A new study published in the journal Ultrasound in Obstetrics and Gynecology found that administering progesterone reduced the rate of preterm birth by 45% among women with a shortened cervix. A short cervix is known to increase the risk for preterm birth. The cervix is the part of the uterus that opens and shortens during labor.
The study also found that infants born to women who had received progesterone were less likely to develop respiratory distress syndrome, a breathing complication occurring commonly in preterm infants. Despite many efforts to intervene, premature delivery has remained unchanged and is the leading cause of health problems for infants, far greater than birth defects.
The study authors reasoned that based on recent success of administering progesterone to women who have previously experienced preterm birth (before 34 weeks gestational age) that they could expand it’s utility by identifying a predicable risk factor such as a short cervix, then intervene early and hopefully prolong pregnancy. The women in the study underwent routine ultrasound screening of cervical length early in their 2nd trimester. The women with a short cervix were randomly assigned to receive either a vaginal gel progesterone preparation or a placebo between the 19th and 23rd week of pregnancy. Progesterone treatment was associated with a lower rate of preterm delivery (9% in the progesterone group versus 16% in the placebo group).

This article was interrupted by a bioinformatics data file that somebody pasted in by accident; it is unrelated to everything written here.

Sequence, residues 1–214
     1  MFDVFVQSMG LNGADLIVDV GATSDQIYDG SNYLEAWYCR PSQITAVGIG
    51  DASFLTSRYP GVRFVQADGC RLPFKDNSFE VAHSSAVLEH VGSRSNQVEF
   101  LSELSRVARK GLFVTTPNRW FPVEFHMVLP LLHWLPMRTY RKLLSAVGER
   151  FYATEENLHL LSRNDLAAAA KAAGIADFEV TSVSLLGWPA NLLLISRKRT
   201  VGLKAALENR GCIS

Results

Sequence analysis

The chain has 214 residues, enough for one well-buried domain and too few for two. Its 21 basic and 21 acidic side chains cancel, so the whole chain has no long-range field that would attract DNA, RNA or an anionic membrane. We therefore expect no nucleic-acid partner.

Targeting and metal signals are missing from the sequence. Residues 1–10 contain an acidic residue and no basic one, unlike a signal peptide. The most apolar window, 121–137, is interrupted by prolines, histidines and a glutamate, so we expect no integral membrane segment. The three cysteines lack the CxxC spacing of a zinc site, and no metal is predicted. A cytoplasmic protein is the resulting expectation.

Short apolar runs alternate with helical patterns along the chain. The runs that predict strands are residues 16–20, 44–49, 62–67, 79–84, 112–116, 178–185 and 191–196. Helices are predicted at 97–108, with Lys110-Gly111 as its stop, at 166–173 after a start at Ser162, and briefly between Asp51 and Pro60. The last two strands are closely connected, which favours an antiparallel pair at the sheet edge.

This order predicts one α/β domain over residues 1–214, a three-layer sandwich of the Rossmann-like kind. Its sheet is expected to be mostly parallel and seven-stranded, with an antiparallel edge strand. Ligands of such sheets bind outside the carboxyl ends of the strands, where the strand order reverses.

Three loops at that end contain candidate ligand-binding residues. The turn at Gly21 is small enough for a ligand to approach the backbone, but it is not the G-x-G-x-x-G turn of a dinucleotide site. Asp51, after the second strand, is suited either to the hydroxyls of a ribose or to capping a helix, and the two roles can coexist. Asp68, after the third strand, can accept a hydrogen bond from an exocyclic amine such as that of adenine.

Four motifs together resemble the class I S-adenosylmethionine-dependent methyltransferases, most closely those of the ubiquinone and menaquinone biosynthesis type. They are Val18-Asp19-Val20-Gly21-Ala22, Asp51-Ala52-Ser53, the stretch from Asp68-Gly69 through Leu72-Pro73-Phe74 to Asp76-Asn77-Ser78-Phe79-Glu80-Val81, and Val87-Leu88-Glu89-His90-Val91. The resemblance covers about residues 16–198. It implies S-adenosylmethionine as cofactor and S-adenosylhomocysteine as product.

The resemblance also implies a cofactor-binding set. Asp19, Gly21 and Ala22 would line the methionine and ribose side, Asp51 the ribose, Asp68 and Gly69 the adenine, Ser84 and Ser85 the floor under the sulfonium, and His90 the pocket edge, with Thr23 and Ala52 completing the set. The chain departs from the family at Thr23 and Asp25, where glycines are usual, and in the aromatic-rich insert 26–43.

So now the question national leaders in Obstetrics must determine is which pregnant women should be screened for a shortened cervix? We’ll let you know as soon as these best practices are announced…
Wishing You Good Health,
Women’s Health Specialists
2299 Mowry Avenue, Suite #3C
Fremont, CA 94538
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